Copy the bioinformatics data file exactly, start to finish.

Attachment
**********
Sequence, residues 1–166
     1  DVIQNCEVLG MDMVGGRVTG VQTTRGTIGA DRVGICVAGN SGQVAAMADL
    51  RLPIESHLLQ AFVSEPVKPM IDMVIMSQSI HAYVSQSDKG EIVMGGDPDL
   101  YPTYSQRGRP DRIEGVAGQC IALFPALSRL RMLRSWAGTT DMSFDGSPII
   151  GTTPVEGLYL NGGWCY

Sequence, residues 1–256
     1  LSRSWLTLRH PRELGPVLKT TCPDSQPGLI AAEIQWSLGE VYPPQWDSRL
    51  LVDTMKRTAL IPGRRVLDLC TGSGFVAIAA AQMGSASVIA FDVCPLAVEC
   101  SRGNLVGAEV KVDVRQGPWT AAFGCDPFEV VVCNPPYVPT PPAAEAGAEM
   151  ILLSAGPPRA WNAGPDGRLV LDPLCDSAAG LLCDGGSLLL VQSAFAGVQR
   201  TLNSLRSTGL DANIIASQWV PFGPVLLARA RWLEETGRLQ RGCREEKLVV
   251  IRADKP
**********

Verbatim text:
Sequence, residues 1–166
     1  DVIQNCEVLG MDMVGGRVTG VQTTRGTIGA DRVGICVAGN SGQVAAMADL
    51  RLPIESHLLQ AFVSEPVKPM IDMVIMSQSI HAYVSQSDKG EIVMGGDPDL
   101  YPTYSQRGRP DRIEGVAGQC IALFPALSRL RMLRSWAGTT DMSFDGSPII
   151  GTTPVEGLYL NGGWCY

Sequence, residues 1–256
     1  LSRSWLTLRH PRELGPVLKT TCPDSQPGLI AAEIQWSLGE VYPPQWDSRL
    51  LVDTMKRTAL IPGRRVLDLC TGSGFVAIAA AQMGSASVIA FDVCPLAVEC
   101  SRGNLVGAEV KVDVRQGPWT AAFGCDPFEV VVCNPPYVPT PPAAEAGAEM
   151  ILLSAGPPRA WNAGPDGRLV LDPLCDSAAG LLCDGGSLLL VQSAFAGVQR
   201  TLNSLRSTGL DANIIASQWV PFGPVLLARA RWLEETGRLQ RGCREEKLVV
   251  IRADKP